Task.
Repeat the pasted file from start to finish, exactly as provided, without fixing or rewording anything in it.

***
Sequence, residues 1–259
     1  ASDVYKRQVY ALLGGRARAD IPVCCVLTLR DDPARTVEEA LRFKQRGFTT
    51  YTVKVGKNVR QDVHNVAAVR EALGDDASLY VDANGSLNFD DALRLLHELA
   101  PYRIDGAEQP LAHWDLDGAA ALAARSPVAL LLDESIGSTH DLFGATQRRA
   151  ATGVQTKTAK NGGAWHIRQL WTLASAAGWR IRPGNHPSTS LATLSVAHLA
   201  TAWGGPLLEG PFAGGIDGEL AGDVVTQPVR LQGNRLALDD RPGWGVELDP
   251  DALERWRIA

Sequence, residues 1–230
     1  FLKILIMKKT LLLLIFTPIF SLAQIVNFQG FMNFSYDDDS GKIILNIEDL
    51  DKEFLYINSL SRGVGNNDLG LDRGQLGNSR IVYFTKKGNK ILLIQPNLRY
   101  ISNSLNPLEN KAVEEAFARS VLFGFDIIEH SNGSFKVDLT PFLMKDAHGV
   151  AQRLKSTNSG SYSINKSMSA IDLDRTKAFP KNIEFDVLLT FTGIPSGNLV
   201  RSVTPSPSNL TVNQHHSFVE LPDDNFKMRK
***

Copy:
Sequence, residues 1–259
     1  ASDVYKRQVY ALLGGRARAD IPVCCVLTLR DDPARTVEEA LRFKQRGFTT
    51  YTVKVGKNVR QDVHNVAAVR EALGDDASLY VDANGSLNFD DALRLLHELA
   101  PYRIDGAEQP LAHWDLDGAA ALAARSPVAL LLDESIGSTH DLFGATQRRA
   151  ATGVQTKTAK NGGAWHIRQL WTLASAAGWR IRPGNHPSTS LATLSVAHLA
   201  TAWGGPLLEG PFAGGIDGEL AGDVVTQPVR LQGNRLALDD RPGWGVELDP
   251  DALERWRIA

Sequence, residues 1–230
     1  FLKILIMKKT LLLLIFTPIF SLAQIVNFQG FMNFSYDDDS GKIILNIEDL
    51  DKEFLYINSL SRGVGNNDLG LDRGQLGNSR IVYFTKKGNK ILLIQPNLRY
   101  ISNSLNPLEN KAVEEAFARS VLFGFDIIEH SNGSFKVDLT PFLMKDAHGV
   151  AQRLKSTNSG SYSINKSMSA IDLDRTKAFP KNIEFDVLLT FTGIPSGNLV
   201  RSVTPSPSNL TVNQHHSFVE LPDDNFKMRK